• Thanks, Carol. I rarely do more than one of the same , but this project called for it. I used to get bored working on the same scene but have learned that I can vary things and that helps. I think you probably dealt with some of the same things on your recent post. Ithink I’ll link that for those who haven’t seen yours. 🙂

  7. delightful work: i actually think they are both excellent and the tree trunk at the front just has to be there:) r.

    • Thank-you, Rahina. I couldn’t have pulled these off if I hadn’t had some knowledge of composition. I’m glad you see the benefits of both of these.

  8. I like the second one the best, Leslie. The addition of a little more light and that far away shoreline really do add to the depth. All of them are quite yummy!! 🙂

    • Thank-you, Beth. I’ve followed your blog long enough to know you would go for the brighter painting. Don’t you just love it that art is like that? We could be viewing the most incredible work of art and not like it at all or something that is not put together too well and have to have it.

  9. Once again a lovely painting,
    I like the tree splitting the painting giving it depth and a unique composition.

    • Thanks Ryan. It’s fun to do things like this and find out everyone’s take on something. I think that a knowledge of composition enhances our appreciation for something a little furthur away from the norm and helps us realise how an individual artist tried to deal with it. How many different ways could you have done your “Eyes of a Predator”? http://asmalltowndad.wordpress.com/2009/08/31/eyes-of-a-predator-watercolor/ To me, this is half the fun. 🙂

  10. Ahem… Beautiful colors, Leslie!

    I like them both quite a lot. It was hard to pick one, because both have something wonderful going on in there. I love the first one for the warm colors. I love the second for its light and crispness and fantastic texture on the tree. But there was something in the second one that was bothering me, and it took me until now to figure out what it was. It’s the far shore of the lake. That horizontal shore line strengthened by a horizontal roof just down from it decisively leads me out of the painting with no point of return. As a result of this, first painting is my preference – it allows me to stay in and be cozy.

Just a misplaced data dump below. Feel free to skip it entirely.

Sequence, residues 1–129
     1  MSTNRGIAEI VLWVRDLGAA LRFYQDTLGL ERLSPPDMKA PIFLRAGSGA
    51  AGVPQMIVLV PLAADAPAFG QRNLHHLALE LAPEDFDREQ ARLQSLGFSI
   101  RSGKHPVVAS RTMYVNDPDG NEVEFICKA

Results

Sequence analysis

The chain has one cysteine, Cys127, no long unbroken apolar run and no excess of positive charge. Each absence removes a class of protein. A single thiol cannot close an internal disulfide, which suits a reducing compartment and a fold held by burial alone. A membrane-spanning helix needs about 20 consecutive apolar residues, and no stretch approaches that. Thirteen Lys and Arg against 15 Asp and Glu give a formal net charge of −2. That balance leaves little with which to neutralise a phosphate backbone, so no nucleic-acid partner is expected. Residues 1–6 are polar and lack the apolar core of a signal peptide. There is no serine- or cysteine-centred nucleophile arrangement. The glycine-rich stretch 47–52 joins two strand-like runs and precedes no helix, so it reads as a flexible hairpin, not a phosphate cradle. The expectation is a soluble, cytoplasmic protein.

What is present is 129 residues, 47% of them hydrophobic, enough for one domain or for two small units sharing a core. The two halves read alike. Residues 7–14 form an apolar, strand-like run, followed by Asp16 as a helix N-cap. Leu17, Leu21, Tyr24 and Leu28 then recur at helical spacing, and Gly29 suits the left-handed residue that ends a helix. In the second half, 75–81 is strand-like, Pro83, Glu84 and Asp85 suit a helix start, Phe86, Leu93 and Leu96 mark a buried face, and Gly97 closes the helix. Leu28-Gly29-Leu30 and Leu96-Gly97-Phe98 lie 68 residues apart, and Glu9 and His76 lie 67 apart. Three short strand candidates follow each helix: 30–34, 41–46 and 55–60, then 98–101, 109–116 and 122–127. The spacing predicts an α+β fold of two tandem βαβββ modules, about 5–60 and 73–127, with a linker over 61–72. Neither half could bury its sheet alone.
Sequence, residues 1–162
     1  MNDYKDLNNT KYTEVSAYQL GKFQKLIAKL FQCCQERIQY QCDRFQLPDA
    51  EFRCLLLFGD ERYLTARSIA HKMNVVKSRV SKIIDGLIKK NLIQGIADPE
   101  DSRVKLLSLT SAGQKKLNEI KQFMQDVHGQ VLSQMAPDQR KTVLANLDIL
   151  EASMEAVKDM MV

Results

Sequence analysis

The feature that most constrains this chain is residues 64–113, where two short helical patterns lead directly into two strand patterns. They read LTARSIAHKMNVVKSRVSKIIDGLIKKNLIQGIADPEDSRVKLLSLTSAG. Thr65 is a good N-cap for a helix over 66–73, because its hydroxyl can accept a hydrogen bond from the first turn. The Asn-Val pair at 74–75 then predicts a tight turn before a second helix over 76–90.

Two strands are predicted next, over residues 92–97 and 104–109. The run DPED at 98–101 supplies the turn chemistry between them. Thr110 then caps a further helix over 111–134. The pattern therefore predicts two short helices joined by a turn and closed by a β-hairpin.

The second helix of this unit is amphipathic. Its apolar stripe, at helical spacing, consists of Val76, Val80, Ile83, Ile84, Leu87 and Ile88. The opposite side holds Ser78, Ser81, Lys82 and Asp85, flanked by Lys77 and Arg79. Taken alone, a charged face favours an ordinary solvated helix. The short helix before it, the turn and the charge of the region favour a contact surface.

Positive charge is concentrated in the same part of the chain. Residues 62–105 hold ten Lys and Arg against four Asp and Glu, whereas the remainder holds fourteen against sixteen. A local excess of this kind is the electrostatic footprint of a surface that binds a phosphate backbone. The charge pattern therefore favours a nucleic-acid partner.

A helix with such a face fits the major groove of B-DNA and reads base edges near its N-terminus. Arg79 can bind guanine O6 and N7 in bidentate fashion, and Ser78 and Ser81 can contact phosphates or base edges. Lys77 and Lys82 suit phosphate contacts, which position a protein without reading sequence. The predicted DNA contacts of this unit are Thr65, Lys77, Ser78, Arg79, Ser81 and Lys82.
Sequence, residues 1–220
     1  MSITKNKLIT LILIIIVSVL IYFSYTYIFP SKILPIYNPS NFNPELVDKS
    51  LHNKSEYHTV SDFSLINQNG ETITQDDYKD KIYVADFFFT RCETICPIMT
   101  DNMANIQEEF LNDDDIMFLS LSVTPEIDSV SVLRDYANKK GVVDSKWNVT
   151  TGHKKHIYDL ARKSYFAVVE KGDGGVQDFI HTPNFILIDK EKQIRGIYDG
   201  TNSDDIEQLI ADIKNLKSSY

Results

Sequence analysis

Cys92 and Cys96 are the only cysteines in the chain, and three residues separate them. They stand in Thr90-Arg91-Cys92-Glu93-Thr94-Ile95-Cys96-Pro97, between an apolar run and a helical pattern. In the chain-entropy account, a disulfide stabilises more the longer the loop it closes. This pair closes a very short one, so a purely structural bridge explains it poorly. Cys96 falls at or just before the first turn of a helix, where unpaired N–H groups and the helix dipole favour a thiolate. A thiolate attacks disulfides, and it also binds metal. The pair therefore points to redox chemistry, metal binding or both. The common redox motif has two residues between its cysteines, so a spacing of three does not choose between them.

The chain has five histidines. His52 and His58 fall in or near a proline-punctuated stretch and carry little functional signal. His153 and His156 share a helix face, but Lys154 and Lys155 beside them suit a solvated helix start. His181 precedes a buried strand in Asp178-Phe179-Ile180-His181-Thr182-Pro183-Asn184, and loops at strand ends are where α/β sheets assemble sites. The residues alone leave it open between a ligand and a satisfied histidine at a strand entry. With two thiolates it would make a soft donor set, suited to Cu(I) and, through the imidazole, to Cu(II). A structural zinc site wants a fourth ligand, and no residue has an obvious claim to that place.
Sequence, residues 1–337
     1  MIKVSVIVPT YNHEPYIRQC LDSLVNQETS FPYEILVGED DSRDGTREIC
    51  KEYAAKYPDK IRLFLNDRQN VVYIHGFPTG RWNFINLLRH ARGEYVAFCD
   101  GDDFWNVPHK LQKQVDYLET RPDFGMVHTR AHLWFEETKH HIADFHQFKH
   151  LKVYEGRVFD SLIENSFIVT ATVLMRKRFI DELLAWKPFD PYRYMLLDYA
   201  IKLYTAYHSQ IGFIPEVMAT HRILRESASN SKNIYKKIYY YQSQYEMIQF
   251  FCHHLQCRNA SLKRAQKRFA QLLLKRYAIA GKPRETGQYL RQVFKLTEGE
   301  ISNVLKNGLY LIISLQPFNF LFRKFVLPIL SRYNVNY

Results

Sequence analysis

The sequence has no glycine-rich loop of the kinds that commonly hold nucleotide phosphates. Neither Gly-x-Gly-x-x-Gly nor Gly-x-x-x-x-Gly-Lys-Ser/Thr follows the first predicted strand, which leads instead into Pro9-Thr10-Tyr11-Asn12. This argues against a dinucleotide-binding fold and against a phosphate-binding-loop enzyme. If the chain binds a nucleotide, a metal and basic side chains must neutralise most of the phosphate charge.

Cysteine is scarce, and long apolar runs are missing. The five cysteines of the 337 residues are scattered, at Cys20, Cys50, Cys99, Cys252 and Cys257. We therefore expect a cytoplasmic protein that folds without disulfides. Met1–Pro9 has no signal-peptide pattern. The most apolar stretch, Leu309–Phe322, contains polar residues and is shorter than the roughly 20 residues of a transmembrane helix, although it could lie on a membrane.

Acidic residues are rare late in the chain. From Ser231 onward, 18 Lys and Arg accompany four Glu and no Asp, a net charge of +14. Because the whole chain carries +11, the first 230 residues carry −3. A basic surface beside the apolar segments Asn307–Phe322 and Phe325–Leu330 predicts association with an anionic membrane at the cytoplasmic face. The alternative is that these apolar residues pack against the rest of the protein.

Being a novice I don’t have many useful suggestions on how to help this. You will decide whether you want to do something about it or not.

    Oh… Did I mention how much I love the colors in both of them? 🙂

    P.S. We seem to be on the same schedule – I have posted a new drawing yesterday as well.

    • Hi Alex,
      To stop the eye on the strip of lake you see in the second painting, I could have darkened the wash on the lake some on the right side of the strip or varied the surface….like I varied the surface of the tree. Had the tree been a flat wash, the eye would zip right up it and off the page. For some experts it still would cause that. That’s why I did two more completely different paintings omitting the tree altogether. You are thinking and are picking up a ton already. I didn’t see that. Thank-you!

  11. I love both of these, but particularly the tree in the second one. They are both so inviting. I love the name of it too, very original.

    • Thanks Heather. I liked that name, also. Very appropriate and cool for a music teacher’s home.

  12. All four paintings are skilfully painted – I’d hate to have to choose just one of these – they’d look amazing all lined up together. Must be wonderful for your sister to be able to gaze at the painting when she’s tired and just wishes she were there on vacation.

    I can appreciate how tricky this must have been – it would be easy to get it wrong, which you clearly didn’t – four times over.

    • Thank-you, June. I kept going and painting these because with each one I had some hesitations about their attraction. I find that I am more willing to spend more time on a project when I am trying to produce something for someone else. Most of what I draw or paint are things that I am drawn to and when you add that factor of pleasing someone else, I get all tense. I will say that I have NEVER painted anything that ends up looking like what I envisioned. I have had to learn patience and acceptance with my art.

  13. Hi Leslie,
    I was away for a while and I see that you were busy painting. I like your painting on the lakeside entrance of the house. From the above two, I like the first one better. Such a fun name for the house but I am sure you don’t use that in mailing address right? 😉

    • Thank-you Raji. The lakeside entrance is my favorite, also. I am glad I posted these paintings this way because I’m finding that everyone likes different ones for different reasons. It is refreshing to receive this kind of feedback as it helps me to understand that there may not be just one RIGHT way with art but a total experience that is refreshing and full of options.